Lawsuit

Coffee County Schools will pay $200,000 for a settlement involving a special needs child.

The funds will come out of the schools’ general fund and will not be covered by insurance.

On Monday, Aug. 12, the school board voted to approve an amendment to the county schools’ budget to cover the $200,000 settlement.

“This particular budget amendment is for the movement of $200,000 from the fund balance,” said Director of Coffee County Schools Charles Lawson. “This $200,000 is related to a settlement that was agreed to in the past by the board for an issue involving a special needs child.”

Chuck Cagle, the school board’s attorney, was involved in the process, said Lawson.

“When the board agreed to that settlement, Mr. Cagle was here to make sure you discuss what could be discussed without violating any confidentiality and to make sure you follow legal requirements,” Lawson said. “At that previous board meeting, the school board agreed to a settlement of $200,000 for that particular legal case.”

Lawson recommended the approval of this amendment.

“This vote is to transfer the money from the fund balance – the first step is the approval of the school board,” Lawson said.

The next step in the process is presenting the amendment to the Coffee County Commission. The commission will have to agree “in order for us to move (the money) from the fund balance and utilize it for this particular settlement,” according to Lawson.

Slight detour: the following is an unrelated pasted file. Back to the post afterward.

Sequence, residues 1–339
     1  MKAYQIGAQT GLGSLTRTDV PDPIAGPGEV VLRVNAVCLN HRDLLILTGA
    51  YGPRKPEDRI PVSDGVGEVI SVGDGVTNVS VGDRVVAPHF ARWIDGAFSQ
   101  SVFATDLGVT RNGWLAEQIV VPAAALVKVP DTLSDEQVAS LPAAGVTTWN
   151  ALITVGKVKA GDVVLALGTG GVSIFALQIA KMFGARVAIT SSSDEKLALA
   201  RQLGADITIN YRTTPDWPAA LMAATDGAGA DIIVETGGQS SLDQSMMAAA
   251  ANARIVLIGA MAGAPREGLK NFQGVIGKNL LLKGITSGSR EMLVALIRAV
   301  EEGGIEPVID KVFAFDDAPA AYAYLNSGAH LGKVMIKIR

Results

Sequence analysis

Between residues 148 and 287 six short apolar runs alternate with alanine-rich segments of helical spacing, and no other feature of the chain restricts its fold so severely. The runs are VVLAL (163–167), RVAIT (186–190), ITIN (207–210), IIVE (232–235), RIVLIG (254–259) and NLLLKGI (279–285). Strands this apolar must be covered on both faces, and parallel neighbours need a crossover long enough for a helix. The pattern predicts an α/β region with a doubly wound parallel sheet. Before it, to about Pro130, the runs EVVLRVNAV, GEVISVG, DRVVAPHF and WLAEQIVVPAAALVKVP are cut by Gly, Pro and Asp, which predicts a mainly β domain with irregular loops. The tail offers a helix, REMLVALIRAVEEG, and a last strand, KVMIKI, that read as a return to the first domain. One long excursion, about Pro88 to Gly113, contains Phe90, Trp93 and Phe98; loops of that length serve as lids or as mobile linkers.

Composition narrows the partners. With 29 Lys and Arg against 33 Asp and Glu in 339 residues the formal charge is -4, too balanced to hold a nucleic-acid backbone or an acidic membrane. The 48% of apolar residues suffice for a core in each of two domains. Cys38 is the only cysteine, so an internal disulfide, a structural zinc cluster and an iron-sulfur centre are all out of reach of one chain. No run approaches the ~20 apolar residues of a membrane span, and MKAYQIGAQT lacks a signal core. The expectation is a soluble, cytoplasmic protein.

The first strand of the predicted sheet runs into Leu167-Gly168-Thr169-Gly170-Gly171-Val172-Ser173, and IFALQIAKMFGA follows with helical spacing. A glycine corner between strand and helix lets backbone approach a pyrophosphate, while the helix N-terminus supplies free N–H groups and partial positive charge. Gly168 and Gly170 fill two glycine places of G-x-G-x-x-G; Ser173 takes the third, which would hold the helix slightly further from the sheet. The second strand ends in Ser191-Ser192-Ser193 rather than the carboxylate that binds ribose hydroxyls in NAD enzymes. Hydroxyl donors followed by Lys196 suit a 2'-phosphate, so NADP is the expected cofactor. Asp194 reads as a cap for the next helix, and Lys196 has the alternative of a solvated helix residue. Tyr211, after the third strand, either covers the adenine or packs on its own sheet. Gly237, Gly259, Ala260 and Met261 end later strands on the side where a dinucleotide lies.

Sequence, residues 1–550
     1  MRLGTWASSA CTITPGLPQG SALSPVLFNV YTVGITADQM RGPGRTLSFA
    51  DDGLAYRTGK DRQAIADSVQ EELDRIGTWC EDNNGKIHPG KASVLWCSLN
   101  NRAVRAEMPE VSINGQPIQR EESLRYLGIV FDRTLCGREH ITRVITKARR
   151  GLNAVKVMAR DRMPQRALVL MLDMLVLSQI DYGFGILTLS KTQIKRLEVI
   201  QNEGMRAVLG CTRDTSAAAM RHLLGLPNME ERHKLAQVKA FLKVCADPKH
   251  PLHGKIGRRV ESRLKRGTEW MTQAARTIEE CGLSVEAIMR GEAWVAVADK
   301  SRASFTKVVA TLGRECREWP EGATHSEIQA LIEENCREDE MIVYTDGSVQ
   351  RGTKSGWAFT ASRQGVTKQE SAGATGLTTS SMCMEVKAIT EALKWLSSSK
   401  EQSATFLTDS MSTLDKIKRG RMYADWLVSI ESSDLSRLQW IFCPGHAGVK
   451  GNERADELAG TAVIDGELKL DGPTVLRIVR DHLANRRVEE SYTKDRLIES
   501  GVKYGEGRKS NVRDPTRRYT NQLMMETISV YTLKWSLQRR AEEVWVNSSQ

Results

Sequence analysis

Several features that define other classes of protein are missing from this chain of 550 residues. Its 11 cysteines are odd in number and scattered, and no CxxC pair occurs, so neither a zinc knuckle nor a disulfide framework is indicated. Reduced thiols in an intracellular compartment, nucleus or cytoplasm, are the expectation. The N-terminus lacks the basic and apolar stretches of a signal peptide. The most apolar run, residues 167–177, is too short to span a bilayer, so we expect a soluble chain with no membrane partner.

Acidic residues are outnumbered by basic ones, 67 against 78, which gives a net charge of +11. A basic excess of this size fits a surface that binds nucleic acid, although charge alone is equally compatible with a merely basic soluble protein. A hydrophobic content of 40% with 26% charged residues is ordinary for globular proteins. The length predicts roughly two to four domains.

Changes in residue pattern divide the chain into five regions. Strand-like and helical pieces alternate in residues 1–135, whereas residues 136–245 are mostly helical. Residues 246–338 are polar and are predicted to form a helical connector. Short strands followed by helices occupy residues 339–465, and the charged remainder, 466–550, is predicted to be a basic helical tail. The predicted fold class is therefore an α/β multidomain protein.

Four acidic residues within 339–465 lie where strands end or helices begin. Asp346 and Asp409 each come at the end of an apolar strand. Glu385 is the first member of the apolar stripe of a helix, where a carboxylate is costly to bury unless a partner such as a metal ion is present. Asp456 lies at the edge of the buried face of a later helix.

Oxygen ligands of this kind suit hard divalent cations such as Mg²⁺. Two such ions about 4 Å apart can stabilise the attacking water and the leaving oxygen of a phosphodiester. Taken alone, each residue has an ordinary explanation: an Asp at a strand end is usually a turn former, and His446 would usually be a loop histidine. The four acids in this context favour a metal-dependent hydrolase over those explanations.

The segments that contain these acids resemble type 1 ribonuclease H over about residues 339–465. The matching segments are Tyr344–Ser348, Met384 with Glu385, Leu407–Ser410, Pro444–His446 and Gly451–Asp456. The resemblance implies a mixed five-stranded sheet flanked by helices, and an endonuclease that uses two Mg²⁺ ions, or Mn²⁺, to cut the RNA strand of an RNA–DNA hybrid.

School board member Pat Barton made the motion to approve the amendment. Esther Sims seconded.

“We don’t have any choice,” Barton said. “We have to do it…we will have to be cutting a check, and we will be in trouble if we aren’t on time cutting that check.”

Insurance will not pay for this settlement – the funds will come out of the county schools’ budget.

“I am troubled by incompetence costing us this amount of money,” Barton said.

“I feel the same,” said member Freda Jones.

All present members approved the motion. Member Shannon Duncan was absent.

Refusing admittance

The lawsuit stems from refusing admittance to a special needs child, according to Barton.

The decision to refuse admittance was made by the previous director of schools LaDonna McFall.

McFall did not make the school board aware of the situation, said Barton.

Board members learned about the situation from Cagle.

“We were advised by our attorney to agree to the settlement or it could potentially cost us more,” Barton said.

Confidential matter

The lawsuit was filed with the Tennessee Department of Education, according to Cagle.

“All the records in this matter are covered under three different sections of federal law and they are all deemed very confidential, particularly since this is a special needs child,” Cagle said on Aug. 14.

The terms and conditions, except the amount of the settlement, are confidential.

“The lawsuit was filed with the State Department of Education – all special ed lawsuits are filed with the State Department of Education,” Cagle said.